Friday, July 21, 2006

CLUES Summer 06 issue published

The summer 06 issue of CLUES: A Journal of Detection has been published, featuring articles on James Ellroy's LA Quartet, Raymond Chandler's portrayal of psychiatrists in his work, Lady Macbeth in detective fiction, the Nell Bray novels by Gillian Linscott, and Reginald Hill's Good Morning, Midnight. For further details, go here.

Tuesday, July 11, 2006

Martha Gellhorn.

I love biographies, especially literary ones, and Caroline Moorehead's Gellhorn: A Twentieth-Century Life is a fascinating one. Gellhorn's considerable literary gifts were often overshadowed by her five-year marriage to Hemingway.

Best known for her reporting on the Spanish Civil War, she was profoundly and permanently affected by seeing Dachau during her reporting on WWII. The section on her reporting on the Vietnam War is particularly interesting. The most fun bit deals with Gellhorn's participation in the Mary McCarthy-Lillian Hellman row in 1980 (Gellhorn had traveled on the same ship as Hellman en route to the Spanish Civil War and disliked her). For a piece for The Paris Review (edited by George Plimpton), Gellhorn coined a new word, apocryphiar, or one who fabricates a story with himself or herself as hero, and discounted Hellman's account (in Pentimento) of life in Madrid at the time, calling Hellman's words "whoppers." She said in a letter to a friend, "[Hellman had] used the Spanish war as a garment to drape herself in."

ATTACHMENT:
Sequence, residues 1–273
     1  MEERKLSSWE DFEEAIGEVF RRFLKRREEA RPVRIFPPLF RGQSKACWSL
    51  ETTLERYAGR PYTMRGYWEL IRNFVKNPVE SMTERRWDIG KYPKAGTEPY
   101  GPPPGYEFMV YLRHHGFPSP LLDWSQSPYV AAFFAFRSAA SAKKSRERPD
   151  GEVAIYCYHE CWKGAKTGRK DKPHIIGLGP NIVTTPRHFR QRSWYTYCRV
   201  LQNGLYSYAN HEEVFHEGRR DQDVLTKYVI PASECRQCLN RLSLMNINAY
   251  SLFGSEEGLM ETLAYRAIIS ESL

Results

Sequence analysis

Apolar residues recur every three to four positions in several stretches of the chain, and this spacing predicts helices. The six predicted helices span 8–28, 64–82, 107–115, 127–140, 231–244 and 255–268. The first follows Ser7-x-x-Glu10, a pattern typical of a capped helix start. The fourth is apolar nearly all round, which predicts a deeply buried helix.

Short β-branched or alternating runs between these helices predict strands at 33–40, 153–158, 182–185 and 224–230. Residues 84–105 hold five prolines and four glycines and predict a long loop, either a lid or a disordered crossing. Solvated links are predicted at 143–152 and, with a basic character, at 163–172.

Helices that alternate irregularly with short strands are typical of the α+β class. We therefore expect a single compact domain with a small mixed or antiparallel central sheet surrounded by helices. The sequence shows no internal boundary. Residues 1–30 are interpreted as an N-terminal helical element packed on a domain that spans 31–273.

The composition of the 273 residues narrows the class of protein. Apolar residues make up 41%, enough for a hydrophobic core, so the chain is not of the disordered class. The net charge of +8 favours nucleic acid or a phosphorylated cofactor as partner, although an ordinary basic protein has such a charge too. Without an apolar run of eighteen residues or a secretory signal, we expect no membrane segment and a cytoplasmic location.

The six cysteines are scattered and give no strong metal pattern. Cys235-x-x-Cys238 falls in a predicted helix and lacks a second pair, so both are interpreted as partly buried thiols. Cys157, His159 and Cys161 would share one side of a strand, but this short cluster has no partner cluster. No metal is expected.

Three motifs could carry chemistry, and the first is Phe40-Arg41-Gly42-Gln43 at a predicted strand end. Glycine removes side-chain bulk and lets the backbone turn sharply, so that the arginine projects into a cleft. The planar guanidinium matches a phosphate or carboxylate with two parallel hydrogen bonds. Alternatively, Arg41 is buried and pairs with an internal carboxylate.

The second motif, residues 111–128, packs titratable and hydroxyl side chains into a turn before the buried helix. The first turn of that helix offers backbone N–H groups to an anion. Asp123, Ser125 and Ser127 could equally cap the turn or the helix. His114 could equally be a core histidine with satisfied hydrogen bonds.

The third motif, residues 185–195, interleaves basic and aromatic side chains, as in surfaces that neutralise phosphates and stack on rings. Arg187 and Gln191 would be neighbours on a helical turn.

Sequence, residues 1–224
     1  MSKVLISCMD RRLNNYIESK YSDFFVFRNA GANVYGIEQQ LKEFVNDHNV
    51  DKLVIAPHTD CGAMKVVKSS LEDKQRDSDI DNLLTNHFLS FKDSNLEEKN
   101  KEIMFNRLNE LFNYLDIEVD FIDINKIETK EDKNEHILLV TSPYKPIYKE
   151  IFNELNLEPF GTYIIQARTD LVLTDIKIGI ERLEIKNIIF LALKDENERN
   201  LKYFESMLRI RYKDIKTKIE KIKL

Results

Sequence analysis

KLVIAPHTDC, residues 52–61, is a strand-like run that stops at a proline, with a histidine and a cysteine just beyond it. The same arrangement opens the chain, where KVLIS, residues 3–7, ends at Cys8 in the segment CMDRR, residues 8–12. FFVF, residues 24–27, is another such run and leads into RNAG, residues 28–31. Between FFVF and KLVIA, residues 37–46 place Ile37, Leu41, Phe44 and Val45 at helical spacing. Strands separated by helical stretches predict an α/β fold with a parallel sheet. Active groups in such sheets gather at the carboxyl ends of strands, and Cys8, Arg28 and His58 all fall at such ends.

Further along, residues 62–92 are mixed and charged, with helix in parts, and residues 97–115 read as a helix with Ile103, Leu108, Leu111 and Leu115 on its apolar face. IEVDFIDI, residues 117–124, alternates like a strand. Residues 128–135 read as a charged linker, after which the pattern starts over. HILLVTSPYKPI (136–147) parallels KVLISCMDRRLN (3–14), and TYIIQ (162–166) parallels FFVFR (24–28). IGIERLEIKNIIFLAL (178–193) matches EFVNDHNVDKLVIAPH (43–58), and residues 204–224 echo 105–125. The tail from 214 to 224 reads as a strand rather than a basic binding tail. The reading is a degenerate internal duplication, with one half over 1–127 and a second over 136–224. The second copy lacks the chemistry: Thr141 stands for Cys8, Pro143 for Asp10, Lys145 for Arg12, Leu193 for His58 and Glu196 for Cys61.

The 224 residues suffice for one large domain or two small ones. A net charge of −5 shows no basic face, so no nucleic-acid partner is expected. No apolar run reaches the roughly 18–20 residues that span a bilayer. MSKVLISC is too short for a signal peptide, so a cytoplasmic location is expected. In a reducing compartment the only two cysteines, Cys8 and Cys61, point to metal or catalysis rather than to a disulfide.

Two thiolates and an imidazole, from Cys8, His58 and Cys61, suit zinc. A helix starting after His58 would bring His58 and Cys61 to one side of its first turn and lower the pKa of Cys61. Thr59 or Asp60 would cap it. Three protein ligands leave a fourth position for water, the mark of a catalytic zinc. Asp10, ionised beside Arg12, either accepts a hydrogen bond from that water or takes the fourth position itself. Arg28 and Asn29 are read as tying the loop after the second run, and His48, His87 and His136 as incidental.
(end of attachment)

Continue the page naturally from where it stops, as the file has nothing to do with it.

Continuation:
Moorehead also has edited a volume of Gellhorn's letters; more information on that here.

Sunday, July 02, 2006

Frank Langella.

Superman Returns
is now in theaters, with New Jersey's own Frank Langella (below) as Perry White.

How many remember him as Sherlock Holmes (at left; photo by Jan A. Wein) in the Williamstown Theater Festival of 1977?

Yes, I'm a fan, a result of growing up with a relative of Langella and being fortunate enough to meet him on a few occasions. Perhaps you have your own favorite performance: Langella as the uber-evil chief of staff in Dave? As the title role in Dracula? As William S. Paley in Good Night, and Good Luck? As the roguish sidekick of Ron Moody in Mel Brooks's The Twelve Chairs? In any of his Tony-winning performances (he's won two and been nominated four times)?

As a villain, he can't be beat, but I'm most fond of his turn in the Noel Coward part in "Design for Living," which co-starred the late Raul Julia and Jill Clayburgh, at Circle in the Square in New York. In it, he displayed exemplary comic timing.

Saturday, July 01, 2006

The Cat Who Went to Paris.

Audiobooks have kept me sane when navigating Washington, DC-area traffic (as many people seem to get behind the wheel after having frontal lobotomies). A surprise treasure was Peter Gethers's The Cat Who Went to Paris. Former publisher Gethers relates his journey as a confirmed cat hater to cat lover when he adopts Norton, a Scottish fold feline (a breed where the ears are folded down on the cat's head); takes Norton wherever he goes, including restaurants; and watches the intelligent Norton captivate the world. One of the many amusing tales is Gethers's comparison of Spain and France. The Spanish border guards were insistent that Norton needed papers to enter the country (this was a simple day trip). On Gethers's reentry into France, the French guards only had this to say: "Bonjour, Monsieur le Chat. Ca va?" ("Hello, Mr. Cat. How's it going?"). The Cat Who Went to Paris is no cutesy cat book but a captivating memoir in the tradition of Peter Mayle's Toujours Provence.